I am fully aware that this sounds utterly sentimental, archaic and out of tune with an age of science. But 1 would like to submit that pseudo-scientific thinking in politics and sociology have so far had much less than this to offer. One thing I would like to add in all fairness is that the atomic scientists themselves are quite often the ones most concerned about the ethics of the situation, and that they are among the few who dare to open their mouths from time to time and say something about it.

But who on earth listens?

if men really wanted peace they would sincerely ask God for it and He would give it to them. But why should He give the world a peace which it does not really desire? The peace the world pretends to desire is really no peace at all.

To some men peace merely means the liberty to exploit other people without fear of retaliation or interference. To others peace means the freedom to rob others without interruption. To still others it means the leisure to de­vour the goods of the earth without being compelled to interrupt their pleasures to feed those whom their greed is starving. And to practically everybody peace simply means the absence of any physical violence that might cast a shadow over lives devoted to the satisfaction of their animal appetities for comfort and pleasure.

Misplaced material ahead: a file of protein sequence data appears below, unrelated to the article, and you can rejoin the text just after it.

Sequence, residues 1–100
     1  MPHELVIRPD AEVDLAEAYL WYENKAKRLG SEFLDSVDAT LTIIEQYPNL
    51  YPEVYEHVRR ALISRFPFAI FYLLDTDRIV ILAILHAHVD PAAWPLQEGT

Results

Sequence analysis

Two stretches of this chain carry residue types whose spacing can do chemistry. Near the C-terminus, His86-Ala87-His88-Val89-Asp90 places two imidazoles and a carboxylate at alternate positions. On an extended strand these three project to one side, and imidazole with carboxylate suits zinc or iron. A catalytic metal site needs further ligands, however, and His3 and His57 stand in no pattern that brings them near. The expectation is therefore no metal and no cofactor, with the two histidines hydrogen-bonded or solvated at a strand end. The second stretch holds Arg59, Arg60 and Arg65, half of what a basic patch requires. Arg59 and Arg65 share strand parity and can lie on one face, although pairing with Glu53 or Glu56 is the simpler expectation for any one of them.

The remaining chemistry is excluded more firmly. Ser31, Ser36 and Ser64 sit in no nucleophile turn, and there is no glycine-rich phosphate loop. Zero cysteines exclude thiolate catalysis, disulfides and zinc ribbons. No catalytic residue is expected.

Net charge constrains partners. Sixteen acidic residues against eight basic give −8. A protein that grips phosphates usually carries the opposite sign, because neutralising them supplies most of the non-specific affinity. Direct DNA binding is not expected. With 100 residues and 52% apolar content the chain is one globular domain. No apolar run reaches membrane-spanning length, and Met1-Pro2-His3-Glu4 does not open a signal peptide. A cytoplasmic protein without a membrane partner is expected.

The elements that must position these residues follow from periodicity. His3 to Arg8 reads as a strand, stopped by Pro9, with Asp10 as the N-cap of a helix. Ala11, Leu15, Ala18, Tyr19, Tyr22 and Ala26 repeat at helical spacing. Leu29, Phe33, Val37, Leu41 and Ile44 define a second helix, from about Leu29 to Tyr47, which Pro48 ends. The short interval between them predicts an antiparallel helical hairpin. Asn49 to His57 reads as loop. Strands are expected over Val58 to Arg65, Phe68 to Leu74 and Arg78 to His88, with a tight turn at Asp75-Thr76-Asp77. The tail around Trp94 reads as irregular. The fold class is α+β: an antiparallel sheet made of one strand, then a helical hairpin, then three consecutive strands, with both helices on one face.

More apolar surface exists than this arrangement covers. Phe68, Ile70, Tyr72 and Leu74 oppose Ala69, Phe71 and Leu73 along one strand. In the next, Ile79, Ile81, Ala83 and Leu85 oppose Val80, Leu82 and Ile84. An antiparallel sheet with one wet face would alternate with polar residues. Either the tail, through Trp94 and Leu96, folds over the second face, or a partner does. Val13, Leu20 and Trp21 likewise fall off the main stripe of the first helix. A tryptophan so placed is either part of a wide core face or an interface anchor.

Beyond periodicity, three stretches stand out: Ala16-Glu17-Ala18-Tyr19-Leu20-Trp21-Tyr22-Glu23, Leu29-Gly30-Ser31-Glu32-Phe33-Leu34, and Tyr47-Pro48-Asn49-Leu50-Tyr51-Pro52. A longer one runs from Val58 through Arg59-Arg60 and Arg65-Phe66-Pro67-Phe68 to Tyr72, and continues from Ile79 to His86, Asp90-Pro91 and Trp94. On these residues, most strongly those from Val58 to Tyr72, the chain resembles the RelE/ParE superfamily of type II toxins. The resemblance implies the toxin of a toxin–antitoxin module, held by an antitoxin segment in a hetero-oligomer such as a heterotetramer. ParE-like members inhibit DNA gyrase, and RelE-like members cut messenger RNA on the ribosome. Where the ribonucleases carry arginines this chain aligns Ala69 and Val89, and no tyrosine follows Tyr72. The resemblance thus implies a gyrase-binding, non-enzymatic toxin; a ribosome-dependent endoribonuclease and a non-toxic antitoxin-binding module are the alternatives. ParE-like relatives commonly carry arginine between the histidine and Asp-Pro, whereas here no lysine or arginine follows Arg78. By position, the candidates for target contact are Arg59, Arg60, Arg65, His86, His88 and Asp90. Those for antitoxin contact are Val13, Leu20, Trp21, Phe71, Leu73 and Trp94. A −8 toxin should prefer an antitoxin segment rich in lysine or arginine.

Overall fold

Many men like these have asked God for what they thought was “peace” and wondered why their prayer was not answered. They could not understand that it actually was answered. God left them with what they desired, for their idea of peace was only another form of war. The “cold war” is simply the normal consequence of our corrupt idea of a peace based on a policy of “every man for himself” in ethics, economics and political life. It is absurd to hope for a solid peace based on fictions and illusions!

So instead of loving what you think is peace, love other men and love God above all. And instead of hating the people you think are warmakers, hate the appetites and the disorder in your own soul, which are the causes of war. If you love peace, then hate injustice, hate tyranny, hate greed—but hate these things in yourself, not in another.